When his shift ended at two, he went home. Callie, the mixed-breed stray cat he’d adopted, greeted him at the front door as if he’d been gone forever. He laughed, picking her up to pet her. “I take it your food bowl is half empty, meaning truly empty as far as you’re concerned.” Setting her down, he went to top it off with more dry food, then headed to the bedroom to change into jeans and a T-shirt. He hung up his work slacks, remembering at the last second to retrieve the note from the pocket. After reading it again, he stuffed it in the top drawer of his dresser with the others before returning to the living room.

“Not today, Callie,” Jim said, lifting her off his desk chair. “I have work to do.”

She looked as if she was going to debate that, then strolled across the room to settle in the corner of the sofa.

Taking a drawing pad from a desk drawer, Jim opened it to the sketch he’d been working on for one of the costumes for the upcoming show at the Onyx, where he worked during the week. He studied it for a minute, shook his head, and made a couple of changes. “That works better. Let’s just hope his majesty agrees. His majesty was Ken, the show’s director, a man in his mid-fifties who had been with the theater well before Jim had joined the company. Generally calm and collected, Ken had his moments when he went the other direction. “Like when I show him my designs,” Jim grumbled under his breath. They seemed to butt heads at least a couple of times for each show—if not more. In the end, they’d come to an agreement, generally with Ken grudgingly telling Jim that his designs were excellent, “as always.”

It was getting dark when Jim eventually came up for air. He had added colors to the designs, making notes at the bottom of each one on what fabrics he’d had in mind to use for the costume, from the supply he had at hand at the theater. He’d cut swatches Tuesday morning, before showing Ken what he’d come up with.

“Eight? Already? No wonder I’m hungry.” He went into the kitchen to see what he could make to eat. Nothing appealed to him, even though he’d gone grocery shopping only two days earlier and had plenty to choose from.

Callie had trailed after him, and now sat by her bowl, staring mournfully up at him. He opened a can of wet food, scooped it into her dish, then went to change into a T-shirt that didn’t look as if he’d owned it since before the turn of the century. With that done, he put his wallet and keys in his pockets and then left the apartment, making certain the door had locked behind him.

“So, what do I feel like?” he asked himself when he was in his car. After a moment’s thought, he decided on Laterza’s, his favorite Italian restaurant, which was about five blocks away. Maybe I should walk, to work off what I’m going to eat. Hell, why not? Getting out of the car, he set off on foot, enjoying the cool September evening.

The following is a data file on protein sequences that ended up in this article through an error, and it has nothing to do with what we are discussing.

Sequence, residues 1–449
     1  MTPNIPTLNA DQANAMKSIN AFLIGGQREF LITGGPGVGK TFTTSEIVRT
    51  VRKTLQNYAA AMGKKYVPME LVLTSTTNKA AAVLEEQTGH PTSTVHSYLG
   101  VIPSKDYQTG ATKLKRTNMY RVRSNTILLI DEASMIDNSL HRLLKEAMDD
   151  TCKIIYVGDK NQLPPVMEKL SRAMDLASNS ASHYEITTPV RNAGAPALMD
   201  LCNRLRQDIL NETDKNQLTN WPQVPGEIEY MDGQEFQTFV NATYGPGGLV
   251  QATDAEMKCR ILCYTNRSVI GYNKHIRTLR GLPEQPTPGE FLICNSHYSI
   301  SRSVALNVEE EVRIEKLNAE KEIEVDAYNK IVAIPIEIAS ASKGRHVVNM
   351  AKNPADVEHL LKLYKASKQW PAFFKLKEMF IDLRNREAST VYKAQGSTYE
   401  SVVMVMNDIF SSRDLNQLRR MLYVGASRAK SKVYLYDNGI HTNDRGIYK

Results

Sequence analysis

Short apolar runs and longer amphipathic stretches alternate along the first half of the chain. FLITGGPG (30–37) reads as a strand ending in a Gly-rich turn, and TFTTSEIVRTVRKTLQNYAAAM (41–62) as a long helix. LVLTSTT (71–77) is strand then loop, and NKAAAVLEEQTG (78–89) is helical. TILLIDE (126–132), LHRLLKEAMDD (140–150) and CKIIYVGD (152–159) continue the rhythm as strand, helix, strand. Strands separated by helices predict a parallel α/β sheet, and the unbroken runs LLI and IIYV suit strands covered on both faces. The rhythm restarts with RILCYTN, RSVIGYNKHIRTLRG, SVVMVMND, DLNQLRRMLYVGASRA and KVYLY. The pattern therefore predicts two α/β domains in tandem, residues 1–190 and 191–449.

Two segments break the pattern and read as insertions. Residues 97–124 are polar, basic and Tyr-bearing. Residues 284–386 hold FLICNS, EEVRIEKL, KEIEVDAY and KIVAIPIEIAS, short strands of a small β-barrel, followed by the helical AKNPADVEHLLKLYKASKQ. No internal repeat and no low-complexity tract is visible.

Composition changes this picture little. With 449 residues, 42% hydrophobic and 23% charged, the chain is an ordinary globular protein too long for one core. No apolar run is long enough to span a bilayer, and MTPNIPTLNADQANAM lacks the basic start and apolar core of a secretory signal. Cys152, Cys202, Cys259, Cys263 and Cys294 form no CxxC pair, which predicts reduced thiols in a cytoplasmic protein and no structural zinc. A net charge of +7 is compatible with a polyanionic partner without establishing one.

“You live,” Beth, the hostess, said when he entered the restaurant.

Jim laughed. “I do, and I’m starving.”

“Then you came to the right place.” She grinned, then escorted him to a table for two along the side wall of the main dining room, handing him a menu. When the waitress came over, Jim asked for a glass of red house wine, and an order of lasagna with a salad on the side. She came back quickly with the wine, and while he sipped it, he watched the other people—mostly couples in twos or fours, with a smattering of singles.

One man caught Jim’s eye because he looked seriously lonely. His thin shoulders were slumped as he stared at the book he was reading, holding it in one hand while he ate with the other. Every once in a while he’d glance up when laughter or loud conversation from another table caught his attention, looking longingly at the people involved. Then he’d push his glasses back up on his nose and return to his reading, looking even lonelier.

Jim felt sorry for him, not that he’d do anything about it. He wasn’t the kind of guy who willingly introduced himself to someone he didn’t know—except when he was waiting tables. Then, it came naturally as part of the job.

By the time his dinner arrived, the guy Jim had been covertly watching was finished with his. He flagged down the waitress, paid, then left the restaurant. At least Jim presumed he had, since he didn’t see him leave. He was too busy eating his own meal, which was as good as he remembered from previous visits.

Now what to do? Jim leaned back while he waited for his check, sipping the coffee he’d ordered in lieu of dessert. The waitress returned to give it to him, at which point, after giving the bill a quick glance, he handed her his credit card.

When she came back with the credit card slip for him to sign, a few minutes later, she said, “This is for you. Beth says someone left it at the hostess stand.”

What the hell? She was holding an envelope with his name printed on the front, all lower case, just as it had been with the one’s that had been left where he worked. Jim thanked her and signed the slip, waiting for her to leave before opening the envelope. The note inside was handwritten as always, with no capitalization. It said, ‘he looked sad, didn’t he? if he saw your smile it would have cheered him up.’